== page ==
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geminal neuropathy, such as ischemia, neoplasm, and demyelinating pathologies. Symptoms usually are ipsilateral and include paresis/fasciculations of the affected muscles, ipsilateral hemianesthesia, and paresthesias. • Cisternal lesions: Lesions within the prepontine cistern can present with trigeminal neuropathy, such as a trigeminal schwannoma or a meningioma [1]. Trigeminal neuralgia (tic douloureux) is most commonly caused by a vascular loop syndrome, with a vessel significantly displacing the main trunk of CN V at the root entry zone at the anterior and lateral pons [2], [5]. Preganglionic lesion will cause ipsilateral motor paresis and ipsilateral sensory deficits with weak corneal reflex. • Extracranial lesions: Consider neoplasms and trauma as major causes of CN V dysfunction. Trigeminal neuropathy can be seen with perineural tumor spread (PNTS) especially with squamous cell carcinoma (SCCA), most commonly seen along V2 and V3 branches.

16.3.1 Syndromes Gradenigo syndrome: petrous apicitis leads to V and VI nerve damage causing ipsilateral facial

pain and numbness accompanied by ipsilateral lateral rectus palsy. Herpes zoster ophthalmicus: latent varicella virus in the trigeminal ganglion spreads along any division of the fifth nerve to cause pain and vesicles in the affected territory. Superior orbital fissure syndrome: total ophthalmoplegia, CN V1 pain, paresthesias, sensory loss, chemosis, and proptosis of the ipsilateral eye. Cavernous sinus syndrome: symptoms relative to CN III, IV, VI, V1, and V2.

References 1. Natsis K, Piagkou M (2015) Anatomic location and route of extension of the trigeminal nerve schwannomas. J Neurosci Rural Pract 6(2):280–281 2. Docampo J, Gonzalez N, Muñoz A, Bravo F, Sarroca D, Morales C (2015) Neurovascular study of the trigeminal nerve at 3 T MRI. Neuroradiol J 28(1):28–35 3. Sharma R (2015) Trigeminal nerve injuries. Med J Armed Forces India 71(1):42 4. Piagkou MN, Skandalakis P, Piagkos G, Demesticha T (2012) Trigeminal pain and its distribution in different trigeminal nerve branches. Anesth Pain Med 1(4):271–272 5. Demetriades AK, Gullan RW (2011) Impressive vascular compression of the trigeminal nerve. Mayo Clin Proc 86(12):e53

Cranial Nerve VI: Abducens

17

Karen S. Chen, Ari M. Blitz, and Nivedita Agarwal

17.1 Anatomy The sixth cranial nerve develops from the basal plate of the embryonic pons. From the ventral pontomedullary junction, the abducens nerve courses superiorly in the prepontine cistern where it may encounter veins and arteries of the posterior circulation such as the anterior inferior cerebellar artery (Fig. 17.1). From the radiologic perspective, the interdural segment is notably longer than the other ocular motor cranial nerves and enters the petroclival venous confluence, passes through Dorello’s canal, and then enters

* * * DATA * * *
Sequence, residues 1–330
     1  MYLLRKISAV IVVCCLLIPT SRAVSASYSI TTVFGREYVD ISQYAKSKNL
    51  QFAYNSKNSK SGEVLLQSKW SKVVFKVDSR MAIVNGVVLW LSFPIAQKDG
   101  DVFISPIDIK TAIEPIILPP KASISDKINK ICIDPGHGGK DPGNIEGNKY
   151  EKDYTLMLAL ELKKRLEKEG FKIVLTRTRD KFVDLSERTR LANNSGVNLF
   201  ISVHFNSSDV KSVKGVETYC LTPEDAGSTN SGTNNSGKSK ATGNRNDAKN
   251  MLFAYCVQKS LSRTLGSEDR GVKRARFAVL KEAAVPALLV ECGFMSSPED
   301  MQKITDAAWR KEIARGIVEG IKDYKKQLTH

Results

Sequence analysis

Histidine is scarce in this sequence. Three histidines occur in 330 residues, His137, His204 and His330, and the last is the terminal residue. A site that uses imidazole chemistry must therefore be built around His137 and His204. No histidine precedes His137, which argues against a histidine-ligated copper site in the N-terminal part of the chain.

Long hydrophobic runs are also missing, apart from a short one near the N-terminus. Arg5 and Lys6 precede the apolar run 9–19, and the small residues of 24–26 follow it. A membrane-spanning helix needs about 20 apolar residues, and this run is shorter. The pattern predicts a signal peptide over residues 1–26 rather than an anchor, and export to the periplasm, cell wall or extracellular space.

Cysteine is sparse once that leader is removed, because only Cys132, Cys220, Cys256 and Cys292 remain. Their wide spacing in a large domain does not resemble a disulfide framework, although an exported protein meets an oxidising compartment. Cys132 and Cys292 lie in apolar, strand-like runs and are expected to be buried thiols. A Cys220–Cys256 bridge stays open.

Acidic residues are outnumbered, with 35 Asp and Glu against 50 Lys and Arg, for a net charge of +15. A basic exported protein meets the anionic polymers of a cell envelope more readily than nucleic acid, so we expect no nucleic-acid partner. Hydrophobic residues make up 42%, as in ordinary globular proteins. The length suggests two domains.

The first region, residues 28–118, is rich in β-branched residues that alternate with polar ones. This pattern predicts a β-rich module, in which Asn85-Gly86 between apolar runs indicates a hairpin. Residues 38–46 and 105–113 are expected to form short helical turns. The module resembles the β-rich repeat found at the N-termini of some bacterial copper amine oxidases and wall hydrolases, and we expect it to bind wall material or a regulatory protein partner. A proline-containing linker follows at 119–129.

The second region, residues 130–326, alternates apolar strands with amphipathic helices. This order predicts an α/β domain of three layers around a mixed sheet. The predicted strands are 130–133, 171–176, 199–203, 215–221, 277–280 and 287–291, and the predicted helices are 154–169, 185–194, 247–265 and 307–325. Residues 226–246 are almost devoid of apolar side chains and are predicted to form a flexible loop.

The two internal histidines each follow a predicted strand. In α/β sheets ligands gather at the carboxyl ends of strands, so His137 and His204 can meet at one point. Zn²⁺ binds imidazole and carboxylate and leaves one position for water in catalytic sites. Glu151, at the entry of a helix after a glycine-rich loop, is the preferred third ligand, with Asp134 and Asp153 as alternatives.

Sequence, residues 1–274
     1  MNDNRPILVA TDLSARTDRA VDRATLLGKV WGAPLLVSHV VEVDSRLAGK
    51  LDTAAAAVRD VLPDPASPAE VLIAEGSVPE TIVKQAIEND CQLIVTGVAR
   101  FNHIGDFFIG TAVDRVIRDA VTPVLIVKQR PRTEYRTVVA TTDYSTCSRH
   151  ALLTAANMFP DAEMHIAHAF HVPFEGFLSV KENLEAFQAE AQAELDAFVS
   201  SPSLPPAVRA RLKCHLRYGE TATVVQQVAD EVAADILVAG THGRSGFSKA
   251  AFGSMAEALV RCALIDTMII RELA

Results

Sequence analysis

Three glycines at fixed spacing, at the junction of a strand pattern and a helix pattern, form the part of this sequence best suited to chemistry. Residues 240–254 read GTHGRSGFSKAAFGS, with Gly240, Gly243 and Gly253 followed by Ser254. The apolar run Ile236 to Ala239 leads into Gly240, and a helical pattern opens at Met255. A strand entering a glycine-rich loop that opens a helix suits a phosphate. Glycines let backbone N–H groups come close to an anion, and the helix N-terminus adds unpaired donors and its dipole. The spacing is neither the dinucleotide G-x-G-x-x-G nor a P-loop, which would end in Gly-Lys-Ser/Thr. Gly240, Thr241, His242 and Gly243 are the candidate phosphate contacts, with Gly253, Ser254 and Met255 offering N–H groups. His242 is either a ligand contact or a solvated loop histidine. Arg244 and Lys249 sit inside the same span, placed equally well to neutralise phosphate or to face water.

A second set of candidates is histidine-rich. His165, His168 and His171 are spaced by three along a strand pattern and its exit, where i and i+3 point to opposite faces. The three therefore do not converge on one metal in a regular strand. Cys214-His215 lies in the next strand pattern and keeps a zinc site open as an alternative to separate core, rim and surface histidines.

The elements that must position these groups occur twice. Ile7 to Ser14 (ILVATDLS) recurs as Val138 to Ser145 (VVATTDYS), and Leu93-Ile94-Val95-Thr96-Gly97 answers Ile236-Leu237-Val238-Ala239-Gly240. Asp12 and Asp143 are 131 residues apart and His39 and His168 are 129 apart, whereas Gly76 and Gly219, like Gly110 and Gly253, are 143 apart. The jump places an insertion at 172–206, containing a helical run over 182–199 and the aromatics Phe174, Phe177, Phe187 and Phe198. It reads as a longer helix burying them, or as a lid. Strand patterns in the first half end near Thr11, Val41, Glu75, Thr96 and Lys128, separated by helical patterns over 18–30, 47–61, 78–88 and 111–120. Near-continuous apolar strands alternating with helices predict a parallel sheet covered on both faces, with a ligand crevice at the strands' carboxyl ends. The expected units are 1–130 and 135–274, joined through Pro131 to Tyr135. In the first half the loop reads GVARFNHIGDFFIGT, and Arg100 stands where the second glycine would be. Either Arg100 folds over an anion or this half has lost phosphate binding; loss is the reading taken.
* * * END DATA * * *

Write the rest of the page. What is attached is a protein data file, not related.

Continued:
K.S. Chen, M.D. (*) Division of Neuroradiology, John Hopkins Hospitals, Baltimore, MD, USA e-mail: [email protected] A.M. Blitz, M.D. Department of Neuroradiology, Russell H. Morgan Department of Radiology and Radiological Sciences, Johns Hopkins University School of Medicine, Baltimore, MD, USA e-mail: [email protected]

the cavernous sinus, lateral to the cavernous segment of the internal carotid arteries. The foraminal segment of CN VI, along with CN III and IV, passes through the superior orbital fissure and passes into the extra-foraminal segment in the orbit where it innervates the lateral rectus between its posterior third and anterior two-thirds [1]. Nuclei: The abducens nuclei are located in the caudal pons. They generate signals that control the activity of the lateral rectus muscles. Branches: There are no branches as in other CNs.

N. Agarwal, M.D. S. Maria del Carmine Hospital, Azienda Provinciale per i Servizi Sanitari, Rovereto (TN), Italy Center for Mind/Brain Sciences (CIMeC), University of Trento, Rovereto (TN), Italy Department of Radiology, Section of Neuroradiology, University of Utah, Salt Lake City (UT), USA e-mail: [email protected]

© Springer International Publishing AG 2018 N. Agarwal, J.D. Port (eds.), Neuroimaging: Anatomy Meets Function, DOI 10.1007/978-3-319-57427-1_17

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Fig. 17.1 Axial oblique CISS image (a) demonstrates the cisternal segment of the right CN IV (arrow) arising from ponto-medullary junction and coursing anterior and best seen in sagittal section (b) superiorly toward the dorsal aspect of the clivus

17.1

a

b